We handed Josh the keys and told him to do his thing. Our guidelines were simple-make it look cool. As you can see in the original rendering, Josh opted to follow the current trend of flats rather than go flashy and that was fine by us. Using tape to mask off the hot-rod flames, Josh kept the factory red and then sprayed the flat black. Old school cool easily describes the new look. Due to time constraints, our SSR still had some details that needed to be handled and for those critical fixes, Project Super Stunner was dropped off in the capable hands of South County Customs in Lake Forest, California. While at the shop, Max Gilmore had his crew smoked the headlights, taillights, side markers, and even the foglights. The factory gray front grille was painted flat black, the silver door handles painted black, and the rear SSR emblem holes filled and painted. Up front, Jeff Styles came in and added a slick miniature set of flames on the Bow Tie and filled the Chevrolet letters on the front grille in matching red. We can't say enough how big of a difference the blacking-out and custom Bow Tie made to the Chevy, but we'll try-it was night and day. One huge piece of the puzzle was missing-wheels and tires. It was time to get back on the phone.

As we all know, wheels and tires can make or break a project truck and with our flat black retro look, we couldn't just bolt any old wheel onto the Chevy. After talking with Giovanna, we ordered a set of matte black Cuomo wheels. Up front, 20x81/2-inch Cuomo wheels in matte black were bolted on with ultra high-performance Nitto INVO 245/35R20 tires. For traction duties, 285/30R22 Nitto INVO tires wrap around matte black Giovanna Cuomo 22x101/2-inch wheels with 6-inch lips. To really make the wheel and tire combo jump out at you, new Koko Kuture bezel rings in bright red were installed in just minutes. The end result is a look that perfectly matches the hot-rod theme and still meets our performance needs. Helping show off all of the hard work GO-EZ performed, the upper portions of the red bezels disappear when the wheels tuck.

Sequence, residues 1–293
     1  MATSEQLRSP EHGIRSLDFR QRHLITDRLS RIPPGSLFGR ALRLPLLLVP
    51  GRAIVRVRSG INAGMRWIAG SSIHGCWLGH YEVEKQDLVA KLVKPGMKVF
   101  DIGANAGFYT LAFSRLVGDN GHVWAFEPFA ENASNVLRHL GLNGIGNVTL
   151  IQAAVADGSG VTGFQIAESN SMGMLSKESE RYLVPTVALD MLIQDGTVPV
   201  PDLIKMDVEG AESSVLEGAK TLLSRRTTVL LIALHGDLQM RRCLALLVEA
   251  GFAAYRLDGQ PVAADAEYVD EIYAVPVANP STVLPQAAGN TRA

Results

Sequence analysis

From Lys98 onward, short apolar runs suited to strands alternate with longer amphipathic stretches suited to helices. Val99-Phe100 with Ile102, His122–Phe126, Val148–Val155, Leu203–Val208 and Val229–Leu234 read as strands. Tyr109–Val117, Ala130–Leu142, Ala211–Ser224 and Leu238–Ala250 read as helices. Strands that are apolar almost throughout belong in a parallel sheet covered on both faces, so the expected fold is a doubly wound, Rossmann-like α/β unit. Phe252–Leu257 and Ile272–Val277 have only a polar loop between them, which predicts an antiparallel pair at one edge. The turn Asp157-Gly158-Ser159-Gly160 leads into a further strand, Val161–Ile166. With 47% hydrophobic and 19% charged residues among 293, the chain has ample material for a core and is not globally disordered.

Inside the cozy confines of the Chevy, we opted for a more stealth approach, so that we could leave the top down while parked at a show. With our calendar showing weeks left until our deadline, we got a little crafty. In the Truckin' garage, we cut the factory CD-player head unit face off of the head unit in order to hide the new Pioneer AVIC-Z3 DVD, 30GB hard-drive navigation head unit. With the factory face in place, no one would ever know a top-of-the-line, in-dash navigation system was resting behind it. The AVIC-Z3 sends audio signals to two MTX Jackhammer amplifiers mounted underneath the seats. A JH600 mono-block amp powers two MTX Thunder Thin TT65 12-inch subs measuring less than 31/2 inches deep behind each seat. Each door is home to MTX TXC6.1 61/2-inch components powered by a Jackhammer JH404 four-channel amp. All of the audio was wired using high-end connectors and cables from Streetwires. No rattles ever crept up on us thanks to the cabin being covered in Hushmat. Cruising at speed with the top down doesn't diminish the monstrous audio coming from this SSR, not that we would know what cruising in the SSR is like.

It took people dedicated to excellence to make this Chevy SSR really come together and we'd like to thank Art from GO-EZ, Ron and Diko from Giovanna, Tim and Tomo from Nitto, Matt and Bill from Holley, the guys at Stan's Headers, Corsa exhaust, K&N filters, Air Zenith, Slam Specialties, Mac Springs, Josh from Nostalgic Restyling, Max Gilmore from South County Customs, Jade from Pioneer, Jesse from MTX, and Tim from Hushmat.

If only Chevy would have made such a sick-looking drop-top truck, maybe, just maybe the SSR would still be in production. If you want your ride to lay frame or just look completely custom, call the fellas over at GO-EZ at (714) 630-0600. For more pics of this cool project, check out truckinweb.com.